In this example, notice:
  • during the bird attack you see very few actual birds - though the impression is of an *attack*
  • the bird sounds you hear don't sound anything like actual birds
  • the sounds you hear imply that there are a bunch of angry birds attacking - even though, visually, that's not really what we see

Strengthening continuity:

When we transition from one scene to the next, it can be difficult to make that cut seem smooth and natural. We can use sound to make that transition work effectively using a split edit.
  • A split edit is a transition from one shot to another in which video and audio do not change simultaneously. Sometimes they are also called J-Cuts or L-Cuts.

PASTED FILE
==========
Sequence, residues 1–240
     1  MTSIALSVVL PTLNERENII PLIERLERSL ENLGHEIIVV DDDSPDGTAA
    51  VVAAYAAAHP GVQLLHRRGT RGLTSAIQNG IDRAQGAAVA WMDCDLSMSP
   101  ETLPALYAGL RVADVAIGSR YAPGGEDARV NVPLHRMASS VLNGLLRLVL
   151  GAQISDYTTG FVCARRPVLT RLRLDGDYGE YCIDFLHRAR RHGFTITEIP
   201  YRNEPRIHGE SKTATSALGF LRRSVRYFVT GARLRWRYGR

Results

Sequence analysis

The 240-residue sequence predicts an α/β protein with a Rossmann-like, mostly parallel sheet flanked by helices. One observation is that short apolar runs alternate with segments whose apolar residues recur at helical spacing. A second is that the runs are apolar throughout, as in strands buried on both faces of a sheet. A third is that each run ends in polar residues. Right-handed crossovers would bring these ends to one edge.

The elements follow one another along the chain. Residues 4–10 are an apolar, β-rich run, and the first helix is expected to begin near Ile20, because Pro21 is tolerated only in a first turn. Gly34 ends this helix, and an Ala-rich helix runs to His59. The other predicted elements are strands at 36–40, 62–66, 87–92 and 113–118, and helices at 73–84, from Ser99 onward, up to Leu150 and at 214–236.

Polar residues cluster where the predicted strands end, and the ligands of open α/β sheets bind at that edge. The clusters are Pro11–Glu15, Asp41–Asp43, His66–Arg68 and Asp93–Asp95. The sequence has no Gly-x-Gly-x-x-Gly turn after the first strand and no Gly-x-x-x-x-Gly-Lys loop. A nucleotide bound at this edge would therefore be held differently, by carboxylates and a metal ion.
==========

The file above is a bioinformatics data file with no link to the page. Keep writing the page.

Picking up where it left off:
We've already done split edits with our voice overs. We started with a one-shot interview. Then, while the speaker continued talking, we allowed the video to change to some B-Roll footage. Because we allowed the audio and video to change at different times - that is a split edit.


For an example, look at the (little, tiny) video here:

Also, look back at our "Top Chef" video for plenty of examples of split edits.

Evoking Feelings:

Music is the most powerful sound tool available for evoking emotions in a video, but sound effects can do it too.
  • howling wind sends a message of desolate emptiness
  • the theme from jaws heightens suspense
  • unrealistic sounds (like a light saber activating) can cue our minds to prepare for a fight
  • music always has the power to evoke emotion - be sure to select your music carefully